Two weeks ago, members of the Bridgehampton School community gathered in the famed Beehive and put their heads together to try and chart a course for Bridgehampton’s next school year budget which, for the first time, is facing a stringent spending restrictions imposed by the New York State.
Walking around the room, as each group sat at tables and debated what the school’s priorities should be and what can be cut, one thing was clear — there were no easy answers. Sacrifices will have to be made at Bridgehampton School even if the district presents a budget for 2012-2013 that pierces the state mandated two-percent property tax cap instituted just last year.
“This is a conversation about where to go,” said Bridgehampton School Superintendent Dr. Lois Favre at the start of the February 8 forum.
Dr. Favre said that while the district is at the beginning of its budget process and no decisions have been made, the administration has put together budget scenarios so the community can understand what it’s facing.
For Bridgehampton School, a two percent property tax levy cap translates to a 2012-2013 budget that cannot exceed 4.12 percent in spending increases. Dr. Favre stressed that 4.12 percent is the district adhering to the two-percent cap and the administration will have to educate the public on that fact before the budget vote in May.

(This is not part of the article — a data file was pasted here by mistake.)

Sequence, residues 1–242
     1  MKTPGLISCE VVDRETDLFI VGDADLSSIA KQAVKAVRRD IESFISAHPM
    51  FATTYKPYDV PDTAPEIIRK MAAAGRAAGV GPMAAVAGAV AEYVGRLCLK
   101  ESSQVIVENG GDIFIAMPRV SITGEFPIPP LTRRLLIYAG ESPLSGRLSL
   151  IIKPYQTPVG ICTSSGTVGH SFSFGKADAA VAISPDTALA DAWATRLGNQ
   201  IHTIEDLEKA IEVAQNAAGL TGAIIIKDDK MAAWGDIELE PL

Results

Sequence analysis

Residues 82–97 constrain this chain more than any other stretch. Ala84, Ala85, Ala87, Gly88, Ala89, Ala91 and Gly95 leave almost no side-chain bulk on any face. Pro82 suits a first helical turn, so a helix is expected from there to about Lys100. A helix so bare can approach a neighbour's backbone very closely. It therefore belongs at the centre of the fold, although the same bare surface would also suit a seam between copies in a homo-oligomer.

Rolling over the $10.6 million 2011-2012 school budget, taking in all contractual and mandated increases, including rising health care costs, Dr. Favre said the school would need to raise an additional $664,000 for the 2012-2013 budget. However, the tax levy cap will only allow an additional $379,000. That means the school needs to cut $285,000 if it is to avoid asking 60 percent of the voters who turn out to vote for the budget to support piercing the cap.
If the budget is voted down it can be presented again — without changes — but if it fails to pass a second time, the district would have to adopt a zero-percent increase in the property tax levy. This means about $700,000 would have to be cut from its budget.
As the five tables of residents, parents, school board members, staff and faculty sat down and began to brainstorm about what was educationally important, a variety of responses were revealed.
Academics, special education, pre-kindergarten, technology, tutoring, mentoring, teaching job skills, internships and ensuring students are college ready appeared to be priorities across the board. Looking into an independent transportation system and food service program was a priority at one of the tables, while another felt having a café, vibrant sports and intramural programming and drivers education was an important part of life at Bridgehampton School. Teaching core standards, SAT Prep and offering “good, organic food” were other ideas explored at the roundtables.
Dr. Favre and Business Administrator Robert Hauser gave each group a table of potential cost savings that could be found, although they represented cuts like losing a teacher in pre-kindergarten, as well as in the elementary school and middle school. Cutting other things such as sports, driver’s education, summer school, transportation options, conferences for staff development and the school’s cafeteria project were also offered as options, however undesirable.